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The Israel Defense Forces is investigating whether a reserve paratroops brigade made improper use of phosphorus shells during the fighting in Gaza.

The brigade fired about 20 such shells in a built-up area of northern Gaza.

Aside from this one case, the shells were used very sparingly and, in the army's view, in compliance with international law.

The IDF's use of phosphorus shells has sparked great criticism both in Israel and in the international media. The army therefore appointed Col. Shai Alkalai, an artillery officer, to investigate the issue, and his probe is still in progress.

According to senior army officers, the IDF used two phosphorus-based weapons in Gaza. One, the sources said, actually contains almost no phosphorus. These are simple smoke bombs - 155mm artillery shells - with a trace of phosphorus to ignite them.

Alkalai's probe is thus focusing on the second type: phosphorus shells, either 81mm or 120mm, that are fired from mortar guns. About 200 such shells were fired during the recent fighting, and of these, according to the probe's initial findings, almost 180 were fired at orchards in which gunmen and rocket-launching crews were taking cover.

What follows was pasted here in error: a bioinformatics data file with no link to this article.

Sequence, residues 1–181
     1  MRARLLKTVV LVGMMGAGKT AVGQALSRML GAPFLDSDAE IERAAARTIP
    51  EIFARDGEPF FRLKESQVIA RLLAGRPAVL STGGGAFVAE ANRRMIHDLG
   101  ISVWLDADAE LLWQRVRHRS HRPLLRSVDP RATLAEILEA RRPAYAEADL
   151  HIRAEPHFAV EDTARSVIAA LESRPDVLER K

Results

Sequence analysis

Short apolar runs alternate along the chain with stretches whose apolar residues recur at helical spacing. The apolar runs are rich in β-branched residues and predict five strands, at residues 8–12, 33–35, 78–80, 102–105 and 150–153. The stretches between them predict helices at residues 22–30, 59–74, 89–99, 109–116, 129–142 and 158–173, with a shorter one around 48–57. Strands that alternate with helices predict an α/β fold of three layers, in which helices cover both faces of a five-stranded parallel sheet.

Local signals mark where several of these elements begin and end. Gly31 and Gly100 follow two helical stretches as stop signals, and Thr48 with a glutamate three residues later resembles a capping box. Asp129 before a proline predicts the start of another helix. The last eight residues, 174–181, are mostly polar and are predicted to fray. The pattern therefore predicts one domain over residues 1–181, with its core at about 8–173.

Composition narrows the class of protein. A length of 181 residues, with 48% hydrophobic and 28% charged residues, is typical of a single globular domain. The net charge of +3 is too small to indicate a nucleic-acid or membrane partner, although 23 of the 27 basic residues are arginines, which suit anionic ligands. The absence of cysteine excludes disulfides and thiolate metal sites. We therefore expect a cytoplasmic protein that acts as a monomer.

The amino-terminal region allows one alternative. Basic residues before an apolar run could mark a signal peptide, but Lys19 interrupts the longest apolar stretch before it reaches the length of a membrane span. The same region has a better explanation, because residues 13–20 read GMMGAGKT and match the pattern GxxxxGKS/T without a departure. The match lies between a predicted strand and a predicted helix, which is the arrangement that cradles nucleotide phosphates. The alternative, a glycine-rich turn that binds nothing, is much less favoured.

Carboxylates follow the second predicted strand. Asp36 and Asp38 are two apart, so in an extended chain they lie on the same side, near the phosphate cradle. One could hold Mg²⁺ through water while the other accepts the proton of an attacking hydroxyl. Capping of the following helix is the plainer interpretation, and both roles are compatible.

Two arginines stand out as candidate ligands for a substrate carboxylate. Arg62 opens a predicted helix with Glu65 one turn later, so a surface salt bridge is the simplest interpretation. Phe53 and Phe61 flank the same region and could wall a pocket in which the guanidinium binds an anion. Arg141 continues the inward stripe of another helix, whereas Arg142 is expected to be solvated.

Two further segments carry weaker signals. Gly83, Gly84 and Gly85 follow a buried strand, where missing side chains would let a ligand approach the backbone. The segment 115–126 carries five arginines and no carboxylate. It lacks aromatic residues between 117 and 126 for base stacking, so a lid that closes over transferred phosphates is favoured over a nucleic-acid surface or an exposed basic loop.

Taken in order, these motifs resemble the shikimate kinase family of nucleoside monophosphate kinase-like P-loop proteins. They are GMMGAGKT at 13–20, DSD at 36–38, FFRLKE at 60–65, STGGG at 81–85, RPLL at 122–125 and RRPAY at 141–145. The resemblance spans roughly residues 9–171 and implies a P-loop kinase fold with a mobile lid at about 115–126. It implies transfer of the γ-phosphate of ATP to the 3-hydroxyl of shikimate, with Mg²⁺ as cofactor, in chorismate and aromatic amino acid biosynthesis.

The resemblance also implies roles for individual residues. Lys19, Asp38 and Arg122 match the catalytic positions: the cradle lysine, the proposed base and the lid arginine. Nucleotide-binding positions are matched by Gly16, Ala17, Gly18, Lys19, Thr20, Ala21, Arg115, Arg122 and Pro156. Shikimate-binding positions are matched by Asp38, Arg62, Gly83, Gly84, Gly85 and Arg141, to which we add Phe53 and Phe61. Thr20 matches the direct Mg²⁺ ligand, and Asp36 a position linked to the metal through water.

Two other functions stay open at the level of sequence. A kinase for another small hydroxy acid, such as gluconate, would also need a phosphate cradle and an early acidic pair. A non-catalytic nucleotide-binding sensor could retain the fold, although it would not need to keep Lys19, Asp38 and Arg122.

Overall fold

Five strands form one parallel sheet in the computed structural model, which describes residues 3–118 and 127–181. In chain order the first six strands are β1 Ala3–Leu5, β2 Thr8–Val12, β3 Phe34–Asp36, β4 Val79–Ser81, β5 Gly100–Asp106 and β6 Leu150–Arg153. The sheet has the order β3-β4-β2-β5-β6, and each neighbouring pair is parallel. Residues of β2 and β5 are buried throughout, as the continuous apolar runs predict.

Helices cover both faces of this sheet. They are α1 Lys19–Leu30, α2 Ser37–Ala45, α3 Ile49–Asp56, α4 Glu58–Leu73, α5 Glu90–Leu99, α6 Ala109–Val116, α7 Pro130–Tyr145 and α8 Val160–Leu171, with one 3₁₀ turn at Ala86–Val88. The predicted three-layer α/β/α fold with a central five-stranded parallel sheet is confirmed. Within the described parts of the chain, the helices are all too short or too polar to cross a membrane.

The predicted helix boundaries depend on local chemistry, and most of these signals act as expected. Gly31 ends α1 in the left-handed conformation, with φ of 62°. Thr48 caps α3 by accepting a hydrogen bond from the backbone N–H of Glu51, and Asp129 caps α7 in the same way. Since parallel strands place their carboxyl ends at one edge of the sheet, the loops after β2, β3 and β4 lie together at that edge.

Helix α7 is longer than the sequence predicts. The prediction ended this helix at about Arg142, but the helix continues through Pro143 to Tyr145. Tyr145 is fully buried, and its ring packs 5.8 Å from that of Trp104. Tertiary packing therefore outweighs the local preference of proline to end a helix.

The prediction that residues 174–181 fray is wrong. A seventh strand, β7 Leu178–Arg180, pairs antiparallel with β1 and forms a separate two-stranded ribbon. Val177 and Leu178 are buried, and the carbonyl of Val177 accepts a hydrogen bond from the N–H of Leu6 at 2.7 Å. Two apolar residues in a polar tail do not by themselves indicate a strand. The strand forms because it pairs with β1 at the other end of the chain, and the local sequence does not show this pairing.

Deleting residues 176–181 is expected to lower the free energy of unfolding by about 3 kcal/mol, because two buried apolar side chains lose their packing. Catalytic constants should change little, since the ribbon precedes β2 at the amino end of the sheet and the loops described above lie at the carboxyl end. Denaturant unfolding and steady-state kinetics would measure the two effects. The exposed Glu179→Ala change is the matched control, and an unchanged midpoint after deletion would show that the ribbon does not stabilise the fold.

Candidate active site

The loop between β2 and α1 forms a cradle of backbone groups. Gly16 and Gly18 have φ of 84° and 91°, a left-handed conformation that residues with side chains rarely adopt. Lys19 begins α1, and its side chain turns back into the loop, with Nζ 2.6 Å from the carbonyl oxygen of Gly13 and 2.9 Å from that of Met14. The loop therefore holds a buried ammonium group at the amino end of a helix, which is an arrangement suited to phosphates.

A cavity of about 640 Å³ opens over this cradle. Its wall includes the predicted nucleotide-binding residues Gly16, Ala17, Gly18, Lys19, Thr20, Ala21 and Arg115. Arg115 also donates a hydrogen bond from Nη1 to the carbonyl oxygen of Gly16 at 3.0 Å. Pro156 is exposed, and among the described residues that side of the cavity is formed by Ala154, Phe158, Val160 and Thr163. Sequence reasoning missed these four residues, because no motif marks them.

The one problematic incident was the reserve paratroops brigade that fired about 20 such shells in a built-up area of Beit Lahiya. Many international organizations say phosphorus shells should not be used in heavily populated areas. The brigade's officers, however, say the shells were fired only at places that had been positively identified as sources of enemy fire.

The 120mm shells, a recent acquisition, have a computerized targeting system attached to a GPS. Brigade commanders say they were very effective, but they were also responsible for two very serious mishaps: a strike on a UNRWA school that killed 42 Palestinians and a friendly fire incident that seriously wounded two officers.